Physics - University of Sussex

    Using the smallest components of the Universe to explore the unknown

    February 2016: Paul Fisher

    Linguistics - University of Sussex

    How do comics work like a language? Using linguistics to make sense of graphic story telling

    Sussex Refresher's Week Special - January 2016

    The Globe

    Aimee Eckert, University of Sussex - The cell cycle: targeting cancer's clock

    Andrea Jones, University of Sussex - Stories of practical utopias – a case study of an intentional community in the South of England

    Kyle Shackleton, University of Sussex - Waggle dancing for your dinner: communication in the honey bee

    November 2015: Karen Leenders

    History - University of Sussex

    The Indian Corps on the Western Front in WW1

    November 2015: Dr. Shreena Unadkat

    Psychology - Canterbury Christ Church University

    Singing together for couples where one person has a diagnosis of dementia

    November 2015: Kyle Shackleton

    Biology - University of Sussex

    Waggle dancing for your dinner: communication in the honey bee

    October 2015: Bruno de Oliveira

    Sociology - University of Brighton

    Manufactured to rot: Homelessness, democracy and well-being

    October 2015: Rob Simmons

    Biology - University of Sussex

    How X-ray crystal structures can be used to study viruses

    October 2015: Marie Rogers

    Psychology - University of Sussex

    Colourful language: can the language we speak influence how we see colour?

    September 2015: Blanche Ting

    Science Policy - University of Sussex

    South Africa's energy crisis

    September 2015: David Geiringer

    History - University of Sussex

    The sex lives of Catholic women in post-war England

    September 2015: Daniel Molnar

    Physics - University of Sussex

    What can radio waves tell us about the lives of galaxies?

    August 2015: Abu Hatimy

    Biology - University of Sussex

    Measuring the effects of DNA damage in cells

    August 2015: Alistair Gray

    Philosophy - University of Sussex

    How can speaking frankly enable us to resist power?

    August 2015: Rebecca Shtasel

    History - University of Sussex

    Resistance and Collaboration: Trade unionists in German occupied Le Havre, France 1940-44.

    July 2015: Aimee Eckert

    Biology - University of Sussex

    The cell cycle: Targeting cancer's clock

    July 2015: Sam Power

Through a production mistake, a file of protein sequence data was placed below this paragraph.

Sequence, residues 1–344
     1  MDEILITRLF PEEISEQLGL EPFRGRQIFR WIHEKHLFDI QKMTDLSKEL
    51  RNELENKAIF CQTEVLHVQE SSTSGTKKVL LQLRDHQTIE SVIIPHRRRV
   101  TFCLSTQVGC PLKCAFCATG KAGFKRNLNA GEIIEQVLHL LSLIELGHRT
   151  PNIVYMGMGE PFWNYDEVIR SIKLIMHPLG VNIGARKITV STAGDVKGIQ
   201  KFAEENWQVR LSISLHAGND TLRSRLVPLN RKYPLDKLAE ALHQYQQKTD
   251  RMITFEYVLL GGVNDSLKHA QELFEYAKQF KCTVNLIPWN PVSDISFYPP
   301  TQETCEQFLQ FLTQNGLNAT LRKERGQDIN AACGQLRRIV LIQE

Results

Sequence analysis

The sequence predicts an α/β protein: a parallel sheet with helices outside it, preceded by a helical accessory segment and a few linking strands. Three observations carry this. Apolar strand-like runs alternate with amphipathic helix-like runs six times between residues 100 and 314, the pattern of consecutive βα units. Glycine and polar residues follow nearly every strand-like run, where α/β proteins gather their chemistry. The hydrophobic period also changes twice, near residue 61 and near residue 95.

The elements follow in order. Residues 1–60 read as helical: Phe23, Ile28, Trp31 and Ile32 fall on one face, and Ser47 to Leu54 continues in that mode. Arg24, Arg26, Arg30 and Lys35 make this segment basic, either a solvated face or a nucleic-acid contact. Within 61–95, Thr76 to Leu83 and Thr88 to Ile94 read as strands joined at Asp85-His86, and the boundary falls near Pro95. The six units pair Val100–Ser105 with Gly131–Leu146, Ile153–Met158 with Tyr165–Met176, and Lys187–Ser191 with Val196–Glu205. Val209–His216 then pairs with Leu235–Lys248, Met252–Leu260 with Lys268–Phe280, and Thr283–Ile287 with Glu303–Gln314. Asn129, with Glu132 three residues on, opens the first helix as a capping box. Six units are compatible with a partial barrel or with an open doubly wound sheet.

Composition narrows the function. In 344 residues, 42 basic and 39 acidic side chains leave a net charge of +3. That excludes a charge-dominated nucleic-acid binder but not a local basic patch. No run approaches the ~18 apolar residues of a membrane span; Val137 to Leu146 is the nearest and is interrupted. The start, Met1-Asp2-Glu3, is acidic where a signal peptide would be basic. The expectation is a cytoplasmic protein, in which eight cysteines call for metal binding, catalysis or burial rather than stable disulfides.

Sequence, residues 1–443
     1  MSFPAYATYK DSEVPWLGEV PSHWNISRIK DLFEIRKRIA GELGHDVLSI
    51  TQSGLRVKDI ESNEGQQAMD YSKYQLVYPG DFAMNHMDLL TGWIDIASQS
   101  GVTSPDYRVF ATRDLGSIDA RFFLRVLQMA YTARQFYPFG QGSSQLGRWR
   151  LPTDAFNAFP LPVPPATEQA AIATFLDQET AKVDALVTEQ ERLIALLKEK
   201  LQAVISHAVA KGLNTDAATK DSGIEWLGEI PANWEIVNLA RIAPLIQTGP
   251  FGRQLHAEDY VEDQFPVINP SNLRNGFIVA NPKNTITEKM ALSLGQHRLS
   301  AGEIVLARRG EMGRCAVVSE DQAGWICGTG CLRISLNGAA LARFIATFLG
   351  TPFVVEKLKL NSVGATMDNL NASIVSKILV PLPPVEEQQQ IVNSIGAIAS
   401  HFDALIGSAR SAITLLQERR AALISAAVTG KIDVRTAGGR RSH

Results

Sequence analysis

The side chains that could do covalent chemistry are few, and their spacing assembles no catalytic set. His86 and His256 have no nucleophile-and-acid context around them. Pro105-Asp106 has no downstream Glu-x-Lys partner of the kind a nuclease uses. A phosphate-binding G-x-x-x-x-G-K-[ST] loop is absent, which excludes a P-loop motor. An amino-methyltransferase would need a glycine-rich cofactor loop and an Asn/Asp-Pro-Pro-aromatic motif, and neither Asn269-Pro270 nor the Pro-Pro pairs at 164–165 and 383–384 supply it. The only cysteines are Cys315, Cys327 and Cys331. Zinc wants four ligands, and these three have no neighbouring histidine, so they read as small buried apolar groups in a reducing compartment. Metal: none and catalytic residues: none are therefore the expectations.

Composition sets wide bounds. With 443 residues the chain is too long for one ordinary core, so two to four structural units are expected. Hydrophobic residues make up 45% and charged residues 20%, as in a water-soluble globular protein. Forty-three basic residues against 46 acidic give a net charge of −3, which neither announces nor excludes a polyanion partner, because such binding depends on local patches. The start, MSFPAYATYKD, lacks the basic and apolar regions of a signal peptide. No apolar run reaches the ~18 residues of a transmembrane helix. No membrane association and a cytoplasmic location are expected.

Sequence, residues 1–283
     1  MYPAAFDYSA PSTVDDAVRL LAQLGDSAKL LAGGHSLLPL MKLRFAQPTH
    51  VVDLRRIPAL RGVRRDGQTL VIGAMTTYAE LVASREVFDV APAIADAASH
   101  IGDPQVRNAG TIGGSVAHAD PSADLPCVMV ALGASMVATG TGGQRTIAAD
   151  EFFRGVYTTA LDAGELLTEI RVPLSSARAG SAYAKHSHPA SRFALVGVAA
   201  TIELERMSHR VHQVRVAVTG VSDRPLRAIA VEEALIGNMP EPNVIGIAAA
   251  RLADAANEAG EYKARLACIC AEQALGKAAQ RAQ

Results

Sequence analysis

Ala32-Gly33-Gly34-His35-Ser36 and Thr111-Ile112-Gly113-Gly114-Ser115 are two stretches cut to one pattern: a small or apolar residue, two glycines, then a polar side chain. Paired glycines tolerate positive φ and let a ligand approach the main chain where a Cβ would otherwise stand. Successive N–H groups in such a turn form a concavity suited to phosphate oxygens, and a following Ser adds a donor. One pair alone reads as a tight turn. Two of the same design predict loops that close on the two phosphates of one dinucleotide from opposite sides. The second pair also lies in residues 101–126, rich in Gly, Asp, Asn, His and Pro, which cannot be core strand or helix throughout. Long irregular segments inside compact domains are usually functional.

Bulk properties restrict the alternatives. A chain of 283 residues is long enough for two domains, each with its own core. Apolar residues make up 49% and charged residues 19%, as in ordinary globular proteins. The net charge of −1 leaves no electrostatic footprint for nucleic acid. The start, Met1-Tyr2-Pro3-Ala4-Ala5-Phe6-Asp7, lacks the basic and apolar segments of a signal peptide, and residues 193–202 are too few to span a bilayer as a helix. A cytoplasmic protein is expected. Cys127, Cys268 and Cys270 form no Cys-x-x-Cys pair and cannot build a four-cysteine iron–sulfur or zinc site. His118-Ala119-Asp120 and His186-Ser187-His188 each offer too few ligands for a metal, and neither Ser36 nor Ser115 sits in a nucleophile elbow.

Politics - University of Sussex

    What effect does the source of funding that a political party receives have on corruption?

    July 2015: Elliot Rose

    Philosophy - University of Sussex

    What do you think you are? Exploring the theory of Human Nature

    June 2015: Lee Crawfurd

    Economics - University of Sussex

    The Global Learning Crisis. Despite increased primary school attendance globally, millions of children cannot read or write - why is this & what can be done about it

    June 2015: Sandra Pointel

    Science Policy - University of Sussex

    Switiching to sustainable energy sources in Sub-Saharan Africa, using Ghana as a case study

    June 2015: Adam Talbot

    Sport - University of Brighton

    The history & context of corruption at FIFA

    May 2015: Gillian Love

    Sociology - University of Sussex

    Collecting life stories from women who have ended pregnancies in austerity Britain, and exploring what they tell us about the body, reproductive rights, and the contentious issue of social class

    May 2015: Andrea Jones

    Social Care - University of Sussex

    Why and how do older people come to live in intentional communities in England?

    May 2015: Daire Cantillon

    Microbiology - BSMS

    Using NASA micro-gravity technology to more effectively grow & study Mycobacterium tuberculosis, the bacteria that causes TB

    April 2015:

    Cynthia Okpokiri

    Social Care - University of Sussex

    Parenting as a first generation Nigerian immigrant in Britain

    April 2015:

    Claire Carter

    Science Policy - University of Sussex

    Global energy sources and the challenges of reducing greenhouse gas emissions

    April 2015: Hani Morsi

    International Relations - University of Sussex

    Political implications of the digital age in post-revolution Egypt